Real estate

ASK THE CARPENTER

A slick trick to try when oil gets on your driveway

Georgii Shipin/Shutterstock

Q. My car leaked oil on my asphalt driveway. How do I remove the spots?

RICK POZNIAK

A. If the stain has set in, there’s nothing you can do short of sealcoating. If it has not, try this:

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1. Wipe up excess with an absorbent cloth. Cat litter works here, too.

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2. Sprinkle powdered laundry detergent or baking soda onto the stain.

3. Add water.

4. Scrub stain with a stiff brush.

5. Let sit for a half-hour and wipe off with a rag.

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6. Rinse with a hose.

Q. My 20-year-old vinyl wallpaper was installed over blueboard that had been covered with a flat white paint. I have steamed off the paper but am left with backing and lots of adhesive. The surface is very rough, and it is very labor intensive to remove all of the residue. Could I apply a skim coat of plaster to make the surface smooth enough to paint? I have been dinging up the wall in my efforts to remove all remnants of the wallpaper.

CHUCK, Wakefield

A. Yes, you can apply a skim coat, but first, put on one coat of Bulls Eye 1-2-3, a water-based primer, over the area where the border was. After this has dried thoroughly, run over that section of wall with a six-inch putty knife to scrape off anything that loosened up and to get the area relatively smooth. After that, apply a skim coat of Durabond 45.

Q. My son bought a home in Methuen. The shingles on the back by the deck and on the shed are rotted and punkie. When I replace the shingles, should I put a ledger board down on the deck and along the roofline of the shed before reshingling? What are the best shingles to use?

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I’m 69 years young and a retired carpenter. The last time I worked with shingles was when I was an apprentice, at 22. I have the practical skills, but I’m not certain how to do this the proper way. I want to do this right for my son.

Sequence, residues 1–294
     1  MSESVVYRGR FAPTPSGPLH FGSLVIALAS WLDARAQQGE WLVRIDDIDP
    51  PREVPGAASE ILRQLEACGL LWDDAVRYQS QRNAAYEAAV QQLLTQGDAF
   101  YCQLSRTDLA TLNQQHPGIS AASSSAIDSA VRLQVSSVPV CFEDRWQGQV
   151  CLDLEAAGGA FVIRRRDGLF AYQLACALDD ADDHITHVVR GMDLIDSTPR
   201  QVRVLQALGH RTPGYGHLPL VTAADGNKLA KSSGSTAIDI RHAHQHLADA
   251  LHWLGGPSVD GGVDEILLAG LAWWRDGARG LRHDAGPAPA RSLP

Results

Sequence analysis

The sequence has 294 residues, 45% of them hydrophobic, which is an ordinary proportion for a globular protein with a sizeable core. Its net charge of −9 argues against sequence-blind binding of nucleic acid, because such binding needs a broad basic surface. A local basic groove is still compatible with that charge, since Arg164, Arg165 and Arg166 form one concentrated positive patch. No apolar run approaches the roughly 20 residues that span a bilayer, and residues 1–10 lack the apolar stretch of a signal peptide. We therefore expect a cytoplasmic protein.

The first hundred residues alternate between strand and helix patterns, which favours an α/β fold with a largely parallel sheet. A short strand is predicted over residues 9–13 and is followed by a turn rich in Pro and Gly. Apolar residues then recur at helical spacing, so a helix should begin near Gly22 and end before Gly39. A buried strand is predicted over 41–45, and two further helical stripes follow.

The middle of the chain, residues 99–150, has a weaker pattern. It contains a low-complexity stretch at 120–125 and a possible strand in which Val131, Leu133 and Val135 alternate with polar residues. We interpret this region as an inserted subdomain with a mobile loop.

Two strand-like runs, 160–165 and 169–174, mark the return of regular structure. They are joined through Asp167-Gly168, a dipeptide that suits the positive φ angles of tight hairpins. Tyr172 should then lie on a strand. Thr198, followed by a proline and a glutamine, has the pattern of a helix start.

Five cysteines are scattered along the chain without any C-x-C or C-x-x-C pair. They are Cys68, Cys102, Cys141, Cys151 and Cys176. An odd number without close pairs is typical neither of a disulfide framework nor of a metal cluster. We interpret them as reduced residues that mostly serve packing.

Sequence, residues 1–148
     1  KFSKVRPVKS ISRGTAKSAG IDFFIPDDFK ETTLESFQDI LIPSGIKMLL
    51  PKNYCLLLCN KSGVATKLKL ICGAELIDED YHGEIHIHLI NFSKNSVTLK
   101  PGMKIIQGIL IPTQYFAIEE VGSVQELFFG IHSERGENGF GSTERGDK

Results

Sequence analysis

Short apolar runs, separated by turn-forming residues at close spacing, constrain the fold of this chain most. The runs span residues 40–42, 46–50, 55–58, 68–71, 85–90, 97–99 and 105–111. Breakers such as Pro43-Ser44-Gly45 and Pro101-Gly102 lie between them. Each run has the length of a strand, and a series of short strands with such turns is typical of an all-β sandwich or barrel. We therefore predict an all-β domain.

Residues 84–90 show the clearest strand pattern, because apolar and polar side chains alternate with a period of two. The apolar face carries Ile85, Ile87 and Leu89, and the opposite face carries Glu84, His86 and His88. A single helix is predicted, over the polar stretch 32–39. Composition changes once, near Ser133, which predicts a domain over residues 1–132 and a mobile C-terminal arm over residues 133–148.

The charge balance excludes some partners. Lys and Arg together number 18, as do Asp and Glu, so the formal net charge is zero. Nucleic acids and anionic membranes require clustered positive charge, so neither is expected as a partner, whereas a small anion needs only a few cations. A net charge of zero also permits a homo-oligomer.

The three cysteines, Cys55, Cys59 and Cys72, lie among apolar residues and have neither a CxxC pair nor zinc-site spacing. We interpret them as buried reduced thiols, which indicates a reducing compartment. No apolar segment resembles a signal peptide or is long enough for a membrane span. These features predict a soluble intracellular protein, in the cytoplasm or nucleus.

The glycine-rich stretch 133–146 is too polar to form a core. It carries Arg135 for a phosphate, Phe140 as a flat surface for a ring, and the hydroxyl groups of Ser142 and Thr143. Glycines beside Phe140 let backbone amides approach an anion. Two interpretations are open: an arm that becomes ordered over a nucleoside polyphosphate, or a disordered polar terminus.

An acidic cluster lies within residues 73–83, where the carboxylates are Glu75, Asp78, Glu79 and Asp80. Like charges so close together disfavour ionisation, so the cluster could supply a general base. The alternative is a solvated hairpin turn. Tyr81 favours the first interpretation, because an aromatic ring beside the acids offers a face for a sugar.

THOMAS VITTORIOSO, Maynard

A. Your idea to add ledger board is a good one. At first, I was thrown off by the term. I’m pretty sure you mean a trim board that replaces the lower first or second course of shingles. I often see this on decks and even rooflines where folks need to replace the flashing and then cover it back up with trim. The pro to using this method is you can access and service your flashing. The con is it changes the look of your siding. It’s an aesthetic decision, but just make sure you add drip Z-flashing above your trim board. It keeps water from getting underneath. I’d use the same type of shingles that are on the house now. Most likely they are either white or red cedar.

Rob Robillard is a general contractor, carpenter, editor of AConcordCarpenter.com, and principal of a carpentry and renovation business. Send your questions to homerepair@globe.com or tweet them to @globeaddress or @robertrobillard.